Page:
Michigan Jack Russell Terrier Taz Saves Woman from Freezing to Death

 |  Dec 20th 2007  |   4 Contributions


Happy barks for hero Taz!

Thanks to MLive.com for this article.

Dog rescues Saginaw Township woman
Posted by Dean Bohn December 18, 2007

A dog is man's best friend, but Taz, a Jack Russell terrier mix, proved he's also a woman's best friend.


If it weren't for the insistent barking and whining of the dog, his owner would not have let him go out -- where he made a beeline for neighbor Mary Hartman, 91, of Saginaw Township, who had fallen on ice and couldn't move.

Judy M. Sawatzki, 78, the dog's owner, said Hartman's legs "were nearly purple, and her (fractured) hand was purple."

With temperatures in the low 20s, Hartman was freezing to death, said her sister, Lillian D. Haenlein, 78, of Saginaw Township.

Hartman, who lives in Lawndale Estates, decided around 1 p.m. Saturday to give her neighbor cookies left over from the previous evening's Christmas party with her family.

"She's a very good cook and has a generous heart of giving," Haenlein said. "Her neighbor had moved in about six months ago, an elderly gentleman and his daughter."

She had delivered the cookies, but upon returning home, slipped on ice -- breaking her wrist and shoulder and injuring her hip, Haenlein said.

"She was yelling for help, but no one was around. No one could hear her," Haenlein said.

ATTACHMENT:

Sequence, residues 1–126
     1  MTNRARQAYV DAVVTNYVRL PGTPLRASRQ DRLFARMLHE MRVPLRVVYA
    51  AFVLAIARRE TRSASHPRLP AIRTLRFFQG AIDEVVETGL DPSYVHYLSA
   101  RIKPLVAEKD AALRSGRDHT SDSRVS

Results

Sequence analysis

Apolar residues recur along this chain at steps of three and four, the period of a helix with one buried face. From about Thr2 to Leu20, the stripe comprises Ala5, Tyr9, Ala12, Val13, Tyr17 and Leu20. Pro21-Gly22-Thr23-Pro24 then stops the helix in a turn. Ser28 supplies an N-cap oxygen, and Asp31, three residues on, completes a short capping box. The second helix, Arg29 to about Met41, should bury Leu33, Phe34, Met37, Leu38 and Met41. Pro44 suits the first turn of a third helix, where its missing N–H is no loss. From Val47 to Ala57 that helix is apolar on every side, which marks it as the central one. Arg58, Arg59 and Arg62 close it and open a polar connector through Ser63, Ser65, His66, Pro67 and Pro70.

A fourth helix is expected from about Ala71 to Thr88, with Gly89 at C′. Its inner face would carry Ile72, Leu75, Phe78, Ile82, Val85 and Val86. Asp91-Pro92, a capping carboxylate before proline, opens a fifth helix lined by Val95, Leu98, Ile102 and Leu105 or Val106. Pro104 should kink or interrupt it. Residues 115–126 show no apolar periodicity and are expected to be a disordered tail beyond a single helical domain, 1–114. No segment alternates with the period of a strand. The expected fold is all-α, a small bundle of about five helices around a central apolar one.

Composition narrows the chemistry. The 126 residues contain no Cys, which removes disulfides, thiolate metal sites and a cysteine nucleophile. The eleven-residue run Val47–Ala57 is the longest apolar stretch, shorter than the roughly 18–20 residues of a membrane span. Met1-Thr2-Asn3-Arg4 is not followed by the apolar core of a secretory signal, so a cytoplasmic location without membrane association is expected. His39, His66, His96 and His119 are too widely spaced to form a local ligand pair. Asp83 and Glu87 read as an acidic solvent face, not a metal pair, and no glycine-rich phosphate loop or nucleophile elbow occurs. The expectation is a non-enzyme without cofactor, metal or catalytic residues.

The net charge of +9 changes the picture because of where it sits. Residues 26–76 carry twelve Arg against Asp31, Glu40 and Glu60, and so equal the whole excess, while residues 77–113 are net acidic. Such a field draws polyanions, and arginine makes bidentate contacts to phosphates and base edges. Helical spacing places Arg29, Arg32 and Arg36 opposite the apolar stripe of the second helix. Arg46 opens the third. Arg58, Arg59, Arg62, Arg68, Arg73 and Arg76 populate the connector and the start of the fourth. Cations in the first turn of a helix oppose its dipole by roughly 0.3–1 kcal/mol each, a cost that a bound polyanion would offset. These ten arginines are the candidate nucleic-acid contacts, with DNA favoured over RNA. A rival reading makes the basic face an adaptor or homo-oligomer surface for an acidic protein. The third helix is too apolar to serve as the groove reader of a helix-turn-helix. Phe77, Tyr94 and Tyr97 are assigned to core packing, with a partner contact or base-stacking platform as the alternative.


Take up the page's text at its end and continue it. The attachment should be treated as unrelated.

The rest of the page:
Except Taz.

Taz was barking and whining and running back and forth between the window and Sawatzki, who lives across the street from Hartman.

Taz was starting to annoy her, she said.

"He's about 3 years old. I got him from my granddaughter and her boyfriend, who wanted to get rid of him," Sawatzki said. "I needed some companionship, so I took him."
Taz wouldn't let up.

"Finally I said, 'OK, let's go,' and I took him outside," Sawatzki said.

Taz ran up to Hartman, then part way back to Sawatzki.

"Taz kept looking at me, whining, then ran back across the street, but all I could see was a snow bank," Sawatzki said.

Then she heard Hartman's voice: "Help me, help me, Tazy."

"I yelled, 'Mary? Is that you?' " Sawatzki said, "and she yelled, 'Help me, help me!' So I yelled, 'I can't see you. Where are you?' and then she raised her head above the snow bank."

Sawatzki learned that Hartman was on the cold ground for 30 minutes or more. "Oh, I get panicky every time I think about it," Sawatzki said.

Sawatzki took off her coat and covered Hartman with it, then went next door to have the neighbors call 911 and bring blankets.

"I didn't want to move her because I didn't know where she was hurt, so we tried to keep her warm and waited for the ambulance," she said.

Emergency crews arrived and took Hartman to Covenant Medical Center in Saginaw, where she underwent surgery about noon Sunday.

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